The battle for display is close as Microsoft Surface Pro will sports a 12.3-inch PixelSense display at 2736 x 1824 pixel resolution that translates 267 pixels-per-inch while Samsung Galaxy Book will have a 12-inch Super AMOLED display 2160 x 1440 resolution resulting to 216 ppi. On the other hand, Huawei MateBook E will feature the same 12-inch IPS display at 2160 x 1440 resolution and 216 ppi. Though the Galaxy Book have a Super AMOLED display, the Surface Pro have a slight advantage.

On a separate report by Pocket-lint, Huawei MateBook E wins the battle for the smallest and lightest tablets as it carries a 278.8 x 194.1 x 6.9mm dimension and weighs 640g. Meanwhile, Microsoft Surface Pro sports a 292 x 201 x 8.5mm dimension and weighs 768-784g whereas Samsung Galaxy Book 291.3 x 199.8 x 7.4mm dimension and weighs 754g.

Connectivity is also the main feature and Samsung Galaxy Book gives the better advantage as it features a pair of USB Type-C with a microSD, Wi-Fi, Bluetooth, LTE and GPS attributes. Microsoft Surface Pro only carries one USB 3.0 connection with a microSD, 3.5mm headphone jack, a Mini DisplayPort, Wi-Fi and Bluetooth while Huawei MateBook E sports one USB Type-C connection, a WiFi and Bluetooth feature.

And also, price will also be a big factor for consumer and based on the leaked price Microsoft Surface Pro will worth around $1299 as against Samsung Galaxy Book $1329 and Huawei MateBook E $1454 tag price. But still, it is the consumers choice what product will give them satisfaction and they trusted the most.

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Samsung Recently Unveils Its Stretchable Screen Prototype; New Technology Could Be Used For Wearable Devices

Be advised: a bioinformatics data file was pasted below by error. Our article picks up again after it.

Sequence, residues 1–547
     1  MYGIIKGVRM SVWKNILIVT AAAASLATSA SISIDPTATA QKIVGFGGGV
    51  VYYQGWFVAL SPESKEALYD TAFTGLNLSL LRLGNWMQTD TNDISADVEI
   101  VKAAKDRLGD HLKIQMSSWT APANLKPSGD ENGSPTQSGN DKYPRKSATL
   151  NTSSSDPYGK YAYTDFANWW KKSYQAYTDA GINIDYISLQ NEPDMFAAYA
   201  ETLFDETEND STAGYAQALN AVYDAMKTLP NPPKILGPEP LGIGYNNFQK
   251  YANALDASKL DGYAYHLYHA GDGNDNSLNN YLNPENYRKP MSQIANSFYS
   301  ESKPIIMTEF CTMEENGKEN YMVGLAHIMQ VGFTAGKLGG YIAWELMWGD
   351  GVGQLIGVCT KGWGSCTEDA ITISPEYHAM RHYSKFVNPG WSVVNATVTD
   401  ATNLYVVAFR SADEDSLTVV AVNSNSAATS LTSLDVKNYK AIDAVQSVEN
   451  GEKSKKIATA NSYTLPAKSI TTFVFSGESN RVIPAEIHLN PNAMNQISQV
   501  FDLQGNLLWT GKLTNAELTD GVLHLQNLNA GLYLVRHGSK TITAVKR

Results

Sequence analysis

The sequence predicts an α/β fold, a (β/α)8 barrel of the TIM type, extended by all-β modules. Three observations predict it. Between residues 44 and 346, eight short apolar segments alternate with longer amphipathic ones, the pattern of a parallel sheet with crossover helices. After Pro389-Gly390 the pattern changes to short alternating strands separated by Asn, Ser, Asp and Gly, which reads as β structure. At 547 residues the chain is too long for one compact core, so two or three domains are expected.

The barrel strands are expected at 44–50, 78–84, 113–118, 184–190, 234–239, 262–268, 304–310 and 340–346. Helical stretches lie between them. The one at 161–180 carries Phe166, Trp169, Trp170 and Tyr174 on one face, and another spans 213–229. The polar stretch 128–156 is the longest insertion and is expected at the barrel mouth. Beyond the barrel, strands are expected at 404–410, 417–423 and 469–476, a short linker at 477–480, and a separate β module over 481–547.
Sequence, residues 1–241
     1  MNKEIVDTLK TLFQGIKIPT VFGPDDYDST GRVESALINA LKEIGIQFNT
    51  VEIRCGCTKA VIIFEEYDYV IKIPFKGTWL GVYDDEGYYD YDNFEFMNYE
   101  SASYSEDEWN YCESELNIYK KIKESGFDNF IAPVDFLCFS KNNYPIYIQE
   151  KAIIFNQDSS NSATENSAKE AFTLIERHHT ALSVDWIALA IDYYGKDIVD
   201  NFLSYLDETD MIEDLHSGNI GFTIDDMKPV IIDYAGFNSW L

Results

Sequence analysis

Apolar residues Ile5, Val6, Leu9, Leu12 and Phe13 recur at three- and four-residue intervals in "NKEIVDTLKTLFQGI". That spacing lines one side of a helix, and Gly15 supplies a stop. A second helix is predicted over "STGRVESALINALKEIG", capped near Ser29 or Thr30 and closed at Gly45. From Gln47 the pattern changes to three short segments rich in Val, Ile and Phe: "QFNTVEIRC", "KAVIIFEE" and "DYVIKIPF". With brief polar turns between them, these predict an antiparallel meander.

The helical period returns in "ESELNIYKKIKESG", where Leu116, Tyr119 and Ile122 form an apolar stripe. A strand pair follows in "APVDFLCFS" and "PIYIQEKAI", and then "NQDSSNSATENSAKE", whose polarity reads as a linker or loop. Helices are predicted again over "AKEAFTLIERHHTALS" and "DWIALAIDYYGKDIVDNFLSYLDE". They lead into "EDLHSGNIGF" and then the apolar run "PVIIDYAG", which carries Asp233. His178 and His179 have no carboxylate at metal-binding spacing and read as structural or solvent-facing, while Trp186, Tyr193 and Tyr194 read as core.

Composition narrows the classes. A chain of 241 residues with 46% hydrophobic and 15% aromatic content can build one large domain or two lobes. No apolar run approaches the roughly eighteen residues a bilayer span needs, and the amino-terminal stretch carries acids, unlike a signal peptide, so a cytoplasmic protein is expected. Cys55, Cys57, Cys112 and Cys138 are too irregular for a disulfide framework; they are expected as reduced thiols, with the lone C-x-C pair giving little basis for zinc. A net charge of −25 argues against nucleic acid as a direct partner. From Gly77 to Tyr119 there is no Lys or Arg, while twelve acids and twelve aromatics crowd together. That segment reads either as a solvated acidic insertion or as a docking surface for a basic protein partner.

A lot of people are impressed with new Samsung devices because of its top-of-the-line specs and its grand technology. Samsung devices always show a glimpse of the future

Samsung Display recently unveiled its new stretchable screen at the Display Week conference. The event was all about display technology and it was hosted by the Society for Information Display.

According to Mashable, the South Korean tech giant unveiled its new 9.1-inch screen with dynamic stretchable AMOLED display at the Display Week conference. The new Samsung screen technology lets the display maintain its original image quality while increasing the screen depth for up to 12 mm when the display is pressed. The device is unlike any other flexible screens that are out in the market.

Some flexible screens can only be in one direction, while the new Samsung screen can flex in concave and convex positions. Samsung unveiled a prototype and it is still uncertain when the company will officially release it in the market. The technology used for the screen is a Low-Temperature Polycrystalline Silicon display. This feature helps on deforming the necessary pixels for stretching.

As per CNET, Samsung predicts that the stretchable screen technology might be used for wearable devices someday. If the company can perfect the technology, it can be used in several things like information screen tag in a hospital patient's garment to instantly give updates on the patient's medical status. If the texture of the device could be made similar to fabric, it would be comfortable to wear.

Samsung also unveiled its 1.96-inch LCD with a 3,840 x 2,160 4K resolution, which could one day show up in a VR or AR headset. If ever the stretchable prototype involves a design that can be mass-produced, fans expect similar marketing-related delays before it finally ends up in the hands of consumers.

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Going back to school online


Going digital isn’t just about upgrading the infrastructure, but re-skilling India’s massive workforce, too. And ed-tech firms are keen to make the best of the opportunity.